More stringent rules for carbon capture pipelines draw lawsuit from Ames company

Source: By Donnelle Eller, Des Moines Register • Posted: Sunday, November 20, 2022

An Ames company that wants to build a $4.5 billion carbon capture pipelineacross Iowa has filed lawsuits against Story and Shelby counties over new ordinances that would require increased distances between the project and homes, churches and schools.

Summit Carbon Solutions filed the suit this week in the U.S. District Court for the Southern District of Iowa, saying county supervisors have adopted ordinances that attempt to preempt state and federal oversight. The company asks the court to throw out the new rules.

Story County officials declined to comment on the lawsuit. Tim Whipple, a Des Moines attorney who helped the Shelby County supervisors write their ordinance, said the federal court’s decision will help provide clarity on the issue.

A decision would have broad impact in Iowa, where two other companies — Navigator CO2 Ventures and Wolf Carbon Solutions — also have proposed carbon capture pipelines and more counties are weighing setback requirements.

At the same time, the Iowa Utilities Board is considering whether federal law preempts the state from imposing safety requirements when permitting the carbon-capture pipeline projects. Those arguments are slated to be heard Dec. 13. So far, only Summit and Navigator have requested hazardous liquid pipeline permits.

The three companies propose capturing carbon dioxide from ethanol and fertilizer plants, liquefying the gas under pressure and transporting it via the pipelines to either North Dakota or Illinois, where it would be permanently sequestered deep underground.

The companies say the projects are needed to reduce the carbon footprint of ethanol so the renewable fuel will remain viable as the nation seeks to cut net greenhouse emissions in half by 2030 to address climate change. Iowa is the nation’s largest producer of ethanol and raises the most corn, about half of which goes to making the biofuel.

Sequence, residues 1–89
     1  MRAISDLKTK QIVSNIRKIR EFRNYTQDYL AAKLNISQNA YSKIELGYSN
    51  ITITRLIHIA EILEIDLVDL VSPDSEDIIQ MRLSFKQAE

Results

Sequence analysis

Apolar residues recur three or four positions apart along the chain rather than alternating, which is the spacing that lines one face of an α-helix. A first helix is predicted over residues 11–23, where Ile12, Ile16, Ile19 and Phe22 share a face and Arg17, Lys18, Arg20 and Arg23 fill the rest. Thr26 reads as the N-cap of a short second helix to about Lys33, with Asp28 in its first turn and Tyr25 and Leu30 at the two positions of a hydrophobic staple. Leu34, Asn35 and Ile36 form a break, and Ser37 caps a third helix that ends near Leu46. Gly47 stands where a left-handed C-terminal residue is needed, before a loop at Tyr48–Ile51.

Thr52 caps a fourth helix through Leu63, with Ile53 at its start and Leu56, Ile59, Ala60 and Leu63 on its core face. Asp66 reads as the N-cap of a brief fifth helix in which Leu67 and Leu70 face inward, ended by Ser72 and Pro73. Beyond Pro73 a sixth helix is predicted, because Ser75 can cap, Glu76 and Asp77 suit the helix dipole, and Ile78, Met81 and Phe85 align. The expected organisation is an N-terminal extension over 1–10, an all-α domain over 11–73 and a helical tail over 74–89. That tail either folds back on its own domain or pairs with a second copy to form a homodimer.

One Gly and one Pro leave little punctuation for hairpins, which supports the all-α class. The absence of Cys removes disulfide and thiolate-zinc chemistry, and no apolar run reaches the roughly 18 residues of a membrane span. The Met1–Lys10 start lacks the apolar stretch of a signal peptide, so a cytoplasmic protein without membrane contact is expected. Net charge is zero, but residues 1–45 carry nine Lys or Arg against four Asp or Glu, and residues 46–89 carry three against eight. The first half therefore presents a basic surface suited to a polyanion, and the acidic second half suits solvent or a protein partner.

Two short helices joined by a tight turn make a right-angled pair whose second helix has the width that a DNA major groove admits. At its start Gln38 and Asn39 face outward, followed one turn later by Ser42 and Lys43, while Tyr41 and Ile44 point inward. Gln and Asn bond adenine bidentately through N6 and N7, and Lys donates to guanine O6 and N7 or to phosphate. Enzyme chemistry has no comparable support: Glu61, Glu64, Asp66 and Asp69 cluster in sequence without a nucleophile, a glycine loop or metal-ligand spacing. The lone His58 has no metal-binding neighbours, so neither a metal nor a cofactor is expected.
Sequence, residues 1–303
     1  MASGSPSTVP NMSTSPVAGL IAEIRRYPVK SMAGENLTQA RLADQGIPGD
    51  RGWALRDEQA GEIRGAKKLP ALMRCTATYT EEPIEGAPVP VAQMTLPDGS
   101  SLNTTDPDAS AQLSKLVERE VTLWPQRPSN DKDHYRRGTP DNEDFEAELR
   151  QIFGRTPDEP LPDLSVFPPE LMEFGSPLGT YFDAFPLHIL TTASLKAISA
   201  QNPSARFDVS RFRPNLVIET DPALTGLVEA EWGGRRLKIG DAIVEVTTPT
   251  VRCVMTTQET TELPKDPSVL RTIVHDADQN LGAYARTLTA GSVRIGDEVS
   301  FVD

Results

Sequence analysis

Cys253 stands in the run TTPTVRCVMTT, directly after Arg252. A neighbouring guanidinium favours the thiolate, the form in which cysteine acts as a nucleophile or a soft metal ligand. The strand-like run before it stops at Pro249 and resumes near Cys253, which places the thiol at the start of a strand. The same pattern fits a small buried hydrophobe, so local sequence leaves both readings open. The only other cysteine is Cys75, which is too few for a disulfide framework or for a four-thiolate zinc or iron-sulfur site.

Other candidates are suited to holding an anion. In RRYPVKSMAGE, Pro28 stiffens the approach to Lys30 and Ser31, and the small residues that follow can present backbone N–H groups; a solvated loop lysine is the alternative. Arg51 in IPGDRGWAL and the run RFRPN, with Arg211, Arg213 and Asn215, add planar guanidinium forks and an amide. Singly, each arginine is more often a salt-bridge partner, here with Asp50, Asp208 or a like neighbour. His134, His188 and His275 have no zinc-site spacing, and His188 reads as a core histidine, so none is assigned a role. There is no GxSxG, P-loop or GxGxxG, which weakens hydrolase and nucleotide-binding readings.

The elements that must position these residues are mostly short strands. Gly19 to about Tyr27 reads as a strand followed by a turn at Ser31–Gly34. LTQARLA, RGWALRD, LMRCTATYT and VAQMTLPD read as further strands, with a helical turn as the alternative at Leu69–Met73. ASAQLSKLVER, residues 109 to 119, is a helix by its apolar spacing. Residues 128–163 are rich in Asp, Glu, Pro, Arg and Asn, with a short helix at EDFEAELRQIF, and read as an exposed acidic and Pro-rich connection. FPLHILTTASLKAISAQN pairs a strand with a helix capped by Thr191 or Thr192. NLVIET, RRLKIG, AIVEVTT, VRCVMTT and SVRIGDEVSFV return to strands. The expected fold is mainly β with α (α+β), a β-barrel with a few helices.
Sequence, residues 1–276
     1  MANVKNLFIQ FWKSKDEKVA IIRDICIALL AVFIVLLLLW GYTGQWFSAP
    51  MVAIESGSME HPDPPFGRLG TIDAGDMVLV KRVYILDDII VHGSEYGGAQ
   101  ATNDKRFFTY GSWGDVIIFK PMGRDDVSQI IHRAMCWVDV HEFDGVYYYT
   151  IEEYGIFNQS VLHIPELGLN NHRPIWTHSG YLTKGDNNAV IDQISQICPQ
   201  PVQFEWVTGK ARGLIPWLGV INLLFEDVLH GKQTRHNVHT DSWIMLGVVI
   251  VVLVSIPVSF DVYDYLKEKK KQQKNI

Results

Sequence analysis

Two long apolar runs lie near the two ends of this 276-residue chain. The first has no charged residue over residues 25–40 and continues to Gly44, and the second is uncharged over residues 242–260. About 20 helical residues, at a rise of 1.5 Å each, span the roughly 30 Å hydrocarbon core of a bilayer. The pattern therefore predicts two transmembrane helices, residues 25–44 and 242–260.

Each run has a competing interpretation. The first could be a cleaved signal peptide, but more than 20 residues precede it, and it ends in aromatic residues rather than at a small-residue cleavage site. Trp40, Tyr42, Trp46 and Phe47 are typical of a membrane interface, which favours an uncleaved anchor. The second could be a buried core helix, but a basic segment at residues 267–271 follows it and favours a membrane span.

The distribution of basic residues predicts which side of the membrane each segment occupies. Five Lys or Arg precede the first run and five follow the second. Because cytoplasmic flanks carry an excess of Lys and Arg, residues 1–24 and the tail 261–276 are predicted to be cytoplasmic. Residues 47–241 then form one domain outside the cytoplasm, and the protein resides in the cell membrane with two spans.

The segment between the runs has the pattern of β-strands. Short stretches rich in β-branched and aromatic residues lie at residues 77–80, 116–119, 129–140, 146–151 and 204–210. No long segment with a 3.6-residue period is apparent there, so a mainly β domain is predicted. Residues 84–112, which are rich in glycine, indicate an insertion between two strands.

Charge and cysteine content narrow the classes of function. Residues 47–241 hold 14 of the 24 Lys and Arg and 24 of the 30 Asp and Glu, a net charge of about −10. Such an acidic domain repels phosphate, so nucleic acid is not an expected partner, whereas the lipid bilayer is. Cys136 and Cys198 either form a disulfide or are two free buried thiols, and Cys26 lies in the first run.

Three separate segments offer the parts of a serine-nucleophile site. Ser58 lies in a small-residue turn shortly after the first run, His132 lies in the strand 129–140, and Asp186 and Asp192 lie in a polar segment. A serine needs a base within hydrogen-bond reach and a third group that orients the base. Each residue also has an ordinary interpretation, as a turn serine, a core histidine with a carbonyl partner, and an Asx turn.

Summit proposes to build 1,900 miles of pipeline through five states, including about 650 miles in Iowa. The pipeline would cross 30 Iowa counties.

Bill Couser, a Nevada-area farmer and cattle producer, joined Summit in the lawsuits, saying the local ordinances restrict his ability to grow his business. Couser, who is an investor in Lincolnway Energy, sells most of his corn to the nearby ethanol plant and buys back distillers grain, a high-protein byproduct of ethanol production, to feed his 5,200 head of cattle, according to the lawsuits.

Summit said in its suits the value of Iowa’s corn crop ― $13.9 billion last year ― is tied to ethanol’s future. For example, Lincolnway Energy could earn at least $15 million more each year if the ethanol maker could sell its product in California and other states willing to pay more for fuel that meets low-carbon emission standards.

Summit, a spinoff of farming entrepreneur Bruce Rastetter’s Summit Agricultural Group, said the county ordinances seek to preempt the U.S. Pipeline and Hazardous Materials Safety Administration’s oversight of pipeline construction and operation and the Iowa Utilities Board’s permitting authority.

Story and Shelby county officials have said the ordinances aren’t designed to stop the projects, but to give residents a needed buffer in the case of a pipeline rupture. Carbon dioxide is an asphyxiant that in large concentrations can cause death.

Story County’s setback from homes and schools would be close to 1,700 feet, an official said during a reading of the ordinance. Shelby County’s would require about a half mile of separation from churches, schools and other public places and not less than 1,000 feet from homes.

In addition to safety concerns, Steve Kenkel, a Shelby County supervisor, told the Register before Summit’s lawsuit that the ordinance is designed to protect the economic viability of towns that Summit’s pipeline would run near. The county has existing zoning requirements around towns to guide residential, commercial and other development, and the hazardous liquid ordinance fits within that requirement.

In May, the Pipeline and Hazardous Materials Safety Administration said it’s looking at additional safety requirements for carbon capture pipelines after ordering oil company Denbury Gulf Coast to pay nearly $4 million in penalties for a carbon capture pipeline rupture near Satartia, Mississippi, two years ago that sickened about four dozen people.

Donnelle Eller covers agriculture, the environment and energy for the Register. Reach her at or 515-284-8457.